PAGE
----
In each case (and in other examples that could be given) the feelings or other characteristics that increase susceptibility to certain behavior may have some relationship to inheritance. But the relationship is probably very complex. The inherited element may be nothing more than an increased likelihood that an individual will acquire certain feelings if he or she encounters particular influences during the developmental years. But regardless of our different susceptibilities or vulnerabilities, which represent only variations on our mortal freedom (in mortality we are only “free according to the flesh” [2 Ne. 2:27]), we remain responsible for the exercise of our agency in the thoughts we entertain and the behavior we choose.
Some people say, as the saying goes, were “born that way.” But what does this mean? Does it mean that persons with susceptibilities or strong tendencies have no choice, no free agency in these matters?? Our doctrine teaches us otherwise. Regardless of a person’s susceptibility or tendency, his will is unfettered. His free agency is unqualified. It is his freedom that is impaired. Other persons are more free; though they unwisely sample the temptations, they seem immune to the addiction. But regardless of the extent of our freedom, we are all responsible for the exercise of our free agency.
Most of us are born with thorns in the flesh—some more visible, some more serious than others. We all seem to have susceptibilities to one disorder or another, but whatever our susceptibilities, we have the will and the power to control our thoughts and our actions. This must be so. God has said that he holds us accountable for what we do and what we think, so these must be controllable by our agency. Once we have reached the age of accountability, “I was born that way” does not excuse actions or thoughts that fail to conform to the commandments of God.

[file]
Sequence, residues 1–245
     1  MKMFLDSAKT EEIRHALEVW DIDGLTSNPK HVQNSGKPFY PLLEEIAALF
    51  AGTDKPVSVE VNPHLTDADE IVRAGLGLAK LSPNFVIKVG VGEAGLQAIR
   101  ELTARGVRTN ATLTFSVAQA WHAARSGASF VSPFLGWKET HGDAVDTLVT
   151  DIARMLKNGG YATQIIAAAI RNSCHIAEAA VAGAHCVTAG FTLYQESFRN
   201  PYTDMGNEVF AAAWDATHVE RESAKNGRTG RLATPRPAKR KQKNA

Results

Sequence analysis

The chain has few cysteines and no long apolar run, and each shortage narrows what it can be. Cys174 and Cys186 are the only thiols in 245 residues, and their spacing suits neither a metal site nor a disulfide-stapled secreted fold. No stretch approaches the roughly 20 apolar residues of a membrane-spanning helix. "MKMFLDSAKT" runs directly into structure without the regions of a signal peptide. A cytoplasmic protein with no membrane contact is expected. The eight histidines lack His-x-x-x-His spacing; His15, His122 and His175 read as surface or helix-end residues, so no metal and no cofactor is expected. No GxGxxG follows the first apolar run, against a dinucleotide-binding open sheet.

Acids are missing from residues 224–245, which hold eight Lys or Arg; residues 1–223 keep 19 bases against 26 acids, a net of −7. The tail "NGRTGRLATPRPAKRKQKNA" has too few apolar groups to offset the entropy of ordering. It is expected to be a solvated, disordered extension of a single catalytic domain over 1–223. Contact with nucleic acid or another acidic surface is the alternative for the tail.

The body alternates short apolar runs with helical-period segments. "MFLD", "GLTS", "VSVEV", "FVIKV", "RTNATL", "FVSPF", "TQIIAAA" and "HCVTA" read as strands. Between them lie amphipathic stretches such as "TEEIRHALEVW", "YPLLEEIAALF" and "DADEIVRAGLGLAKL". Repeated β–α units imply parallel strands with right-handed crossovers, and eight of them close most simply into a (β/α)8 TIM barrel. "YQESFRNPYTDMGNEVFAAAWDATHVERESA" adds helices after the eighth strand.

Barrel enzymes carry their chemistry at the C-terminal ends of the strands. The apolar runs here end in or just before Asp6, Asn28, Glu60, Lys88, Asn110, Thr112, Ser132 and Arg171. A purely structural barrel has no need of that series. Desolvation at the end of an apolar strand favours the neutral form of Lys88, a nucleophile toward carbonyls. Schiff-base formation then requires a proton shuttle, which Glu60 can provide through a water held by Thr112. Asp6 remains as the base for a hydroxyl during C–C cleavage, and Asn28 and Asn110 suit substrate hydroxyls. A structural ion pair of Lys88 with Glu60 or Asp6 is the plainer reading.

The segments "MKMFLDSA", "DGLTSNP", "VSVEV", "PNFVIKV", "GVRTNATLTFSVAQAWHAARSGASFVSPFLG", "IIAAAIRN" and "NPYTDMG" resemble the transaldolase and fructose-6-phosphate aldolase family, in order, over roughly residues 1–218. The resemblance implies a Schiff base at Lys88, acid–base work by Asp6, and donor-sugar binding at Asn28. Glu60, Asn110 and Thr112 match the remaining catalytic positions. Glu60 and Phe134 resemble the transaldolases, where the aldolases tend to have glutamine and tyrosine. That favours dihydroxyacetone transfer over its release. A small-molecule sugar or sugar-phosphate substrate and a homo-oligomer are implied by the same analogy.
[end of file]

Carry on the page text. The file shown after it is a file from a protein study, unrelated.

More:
Whatever our susceptibilities or tendencies, they cannot subject us to eternal consequences unless we exercise our free agency to do or think the things forbidden by the commandments of God. For example, a susceptibility to alcoholism impairs its victim’s freedom to partake without addiction, but his free agency allows him to abstain and thus escape the physical debilitation of alcohol and the spiritual deterioration of addiction.
Beware the argument that because a person has strong drives toward a particular act that he has no power of choice and therefore no responsibility for his actions. This contention runs counter to the most fundamental premises of the gospel of Jesus Christ.
Satan would like us to believe that we are not responsible in this life. That is the result he tried to achieve by his contest in the premortal existence. A person who insists that he is not responsible for the exercise of his free agency because he was “born that way” is trying to ignore the outcome of the War in Heaven. We are responsible, and if we argue otherwise, our efforts become part of the propaganda effort of the adversary.
Individual responsibility is a law of life. It applies in the law of man and the law of God. Society holds people responsible to control their impulses so we can live in a civilized society. God holds his children responsible to control their impulses so they can keep his commandments and realize their eternal destiny. The law does not excuse the short-tempered man who surrenders to his impulse to pull a trigger on his tormentor, or the greedy man who surrenders to his impulse to steal, or the pedophile who surrenders to his impulse to satisfy his sexual desires with children.
There is much we do not know about the extent of freedom we have in view of the various thorns in the flesh that afflict us in mortality. But this much we do know, we all have our free agency, and God holds us accountable for the way we use it in thought and deed. That is fundamental."